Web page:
“When people thing spring they likely think of our garden parks – Cox Arboretum, Aullwood Garden and Wegerzyn Gardens MetroPark – but don’t miss what’s happening in parks with extensive natural surface trails too,” said Lauren Lemons, Five Rivers MetroParks marketing and public engagement specialist. “That being said, if you are on a trail for a fast-paced hike or trail run, be sure to slow down and literally stop to smell the flowers because you don’t want to miss all the things that are growing.”
That’s not to say spring hiking is not without its pitfalls.
“Hiking in the spring means being prepared to walk straight through mud,” said Angela Moore, Five Rivers MetroParks outdoor recreation events specialist. “Trying to avoid mud by going around unnecessarily widens the trails and damages plants along the side.”
If there is muddy terrain, Moore suggests staying on trails in higher areas or choosing paved trails until the natural trails have time to dry out. Taking special care to avoid negatively impacting the natural beauty and woodland habitats should be a priority.
“We should all strive to preserve the wildflowers for as long as possible, so others may enjoy them, and the birds, bees, butterflies, and other pollinators may utilize them for food and shelter,” said Angela York, Five Rivers MetroParks outdoor recreation special events coordinator.
Ready to hit the trails? Whether you are looking for beautiful blossoms or family fun, there are plenty of options.
Flora and fauna aplenty
If April showers bring May flowers, local parks and trails should be brimming with color. Looking for some buds and blooms?
* Aullwood Garden MetroPark, 955 Aullwood Road, Dayton
Conservationist and gardener Marie Aull devoted her life to preserving and promoting the natural beauty of the region. Visitors to her former country garden retreat can stroll the mile-long garden path that traverses past stunning wildflowers and through scenic woods and a prairie. The prairie comes alive in the spring as it’s home to a variety of birds, butterflies and other wildlife.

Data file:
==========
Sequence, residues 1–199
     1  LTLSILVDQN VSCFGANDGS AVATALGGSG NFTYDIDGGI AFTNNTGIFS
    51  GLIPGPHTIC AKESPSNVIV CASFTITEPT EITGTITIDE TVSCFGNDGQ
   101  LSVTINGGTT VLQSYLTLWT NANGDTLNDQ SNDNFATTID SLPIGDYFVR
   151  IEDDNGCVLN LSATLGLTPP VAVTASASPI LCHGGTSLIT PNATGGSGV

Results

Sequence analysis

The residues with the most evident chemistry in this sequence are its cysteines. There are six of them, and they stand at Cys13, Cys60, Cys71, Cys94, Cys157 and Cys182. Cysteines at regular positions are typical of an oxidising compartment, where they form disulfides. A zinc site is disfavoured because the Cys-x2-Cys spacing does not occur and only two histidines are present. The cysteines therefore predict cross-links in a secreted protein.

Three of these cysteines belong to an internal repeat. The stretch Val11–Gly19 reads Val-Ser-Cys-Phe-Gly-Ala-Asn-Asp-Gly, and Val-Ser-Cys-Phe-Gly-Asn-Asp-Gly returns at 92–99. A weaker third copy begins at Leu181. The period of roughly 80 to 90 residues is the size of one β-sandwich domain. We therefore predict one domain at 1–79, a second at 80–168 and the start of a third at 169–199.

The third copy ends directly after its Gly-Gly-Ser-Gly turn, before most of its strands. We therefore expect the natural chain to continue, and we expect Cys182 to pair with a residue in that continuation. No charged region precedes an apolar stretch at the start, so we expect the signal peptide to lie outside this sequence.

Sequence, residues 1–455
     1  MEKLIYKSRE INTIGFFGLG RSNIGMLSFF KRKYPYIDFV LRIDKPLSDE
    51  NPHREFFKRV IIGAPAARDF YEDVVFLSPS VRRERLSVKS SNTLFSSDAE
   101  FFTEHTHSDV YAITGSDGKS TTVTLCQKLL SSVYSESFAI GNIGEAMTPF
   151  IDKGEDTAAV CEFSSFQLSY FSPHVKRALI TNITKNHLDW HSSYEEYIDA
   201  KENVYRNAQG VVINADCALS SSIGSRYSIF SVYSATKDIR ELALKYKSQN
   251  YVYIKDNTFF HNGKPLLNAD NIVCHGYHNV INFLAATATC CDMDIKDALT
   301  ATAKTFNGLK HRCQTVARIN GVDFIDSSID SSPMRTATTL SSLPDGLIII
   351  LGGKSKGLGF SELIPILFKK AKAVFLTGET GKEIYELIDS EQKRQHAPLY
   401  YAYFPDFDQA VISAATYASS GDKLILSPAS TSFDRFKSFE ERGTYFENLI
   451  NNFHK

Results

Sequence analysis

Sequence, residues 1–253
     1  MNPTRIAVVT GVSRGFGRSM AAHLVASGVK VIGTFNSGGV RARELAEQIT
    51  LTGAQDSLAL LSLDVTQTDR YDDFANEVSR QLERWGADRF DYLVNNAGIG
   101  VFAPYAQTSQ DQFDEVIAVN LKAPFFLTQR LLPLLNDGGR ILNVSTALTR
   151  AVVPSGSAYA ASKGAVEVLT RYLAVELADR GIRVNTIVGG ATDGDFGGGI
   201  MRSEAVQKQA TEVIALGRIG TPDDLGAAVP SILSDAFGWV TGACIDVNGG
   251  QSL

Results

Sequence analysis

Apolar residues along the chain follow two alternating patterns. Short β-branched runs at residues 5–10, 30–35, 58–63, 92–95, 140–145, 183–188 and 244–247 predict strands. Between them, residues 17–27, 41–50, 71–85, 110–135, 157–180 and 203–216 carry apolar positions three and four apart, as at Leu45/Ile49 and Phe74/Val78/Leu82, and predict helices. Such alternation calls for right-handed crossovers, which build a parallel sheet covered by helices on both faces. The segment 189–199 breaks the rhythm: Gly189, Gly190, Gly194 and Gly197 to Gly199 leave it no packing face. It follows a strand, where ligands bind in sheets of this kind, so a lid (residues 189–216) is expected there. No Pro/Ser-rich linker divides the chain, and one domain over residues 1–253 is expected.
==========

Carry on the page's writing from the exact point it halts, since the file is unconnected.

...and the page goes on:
“It’s hard to beat Aullwood Garden MetroPark for spring wildflowers,” Moore said. “If there isn’t enough trail for you there, just jump right over to Englewood MetroPark for a loop to see Martindale, Patty and Oaks Falls.”
More info: www.metroparks.org/places-to-go/aullwood-garden/
* Cox Arboretum MetroPark, 6733 Springboro Pike, Dayton
Spring colors are on full display at Cox Arboretum with its specialty and pollinator gardens. Get a bird’s eye view of the spring splendor from the Tree Tower or stroll along the ADA-accessible paved paths that wind through a variety of scenic features. The natural area offers hikers 2.5 miles of trails through the woodlands and meadows. Visit the bird blind on the 0.6-mile red trail to peek at the many feathered friends that call the area home.
More info: www.metroparks.org/places-to-go/cox-arboretum/
* Sugarcreek MetroPark, 4178 Conference Road, Bellbrook
From the sun-loving prairie flowers to the towering Three Sisters, Sugarcreek MetroPark offers a variety of habitats. Visitors can take it all in as they hike the orange trail to the Osage Orange Tunnel – with its distinctive arching trees planted in rows in the late 1800s to serve as farm fence – and continue on to the Three Sisters, 550-year-old white oak trees. For those with mobility challenges, Sugarcreek has a level, paved path that makes a quarter-mile loop around the prairie.
More info: www.metroparks.org/places-to-go/sugarcreek/
* Wegerzyn Gardens MetroPark, 1301 E. Siebenthaler Ave., Dayton
From colorful formal gardens to a swamp forest, Wegerzyn offers a wide variety of views. Stroll the ADA-accessible paths that winds through the picture-perfect formal gardens or let the kids express their inner gardener in the interactive Children’s Discovery Garden. The scenic one-mile Marie Aull Nature Trail and Swamp Forest showcase the natural beauty of the park, complete with wildflowers and even Fairy Shrimp.
More info: www.metroparks.org/places-to-go/wegerzyn-gardens/
*Bill Yeck Park, 2230 E. Centerville Station Road (Smith House Entrance)
The 194-acre park is a hot spot for hikers, bird watchers and nature enthusiasts alike. From rare plant species to fossils from the Ordovician period, treasures are plentiful.
“I would recommend the Bill Yeck Park orange trail,” said Carrie Dittman, Centerville-Washington Park District marketing and communications supervisor. “The orange trail was completed at the end of last summer and we have seen quite a bit of spring ephemeral activity on it this year.”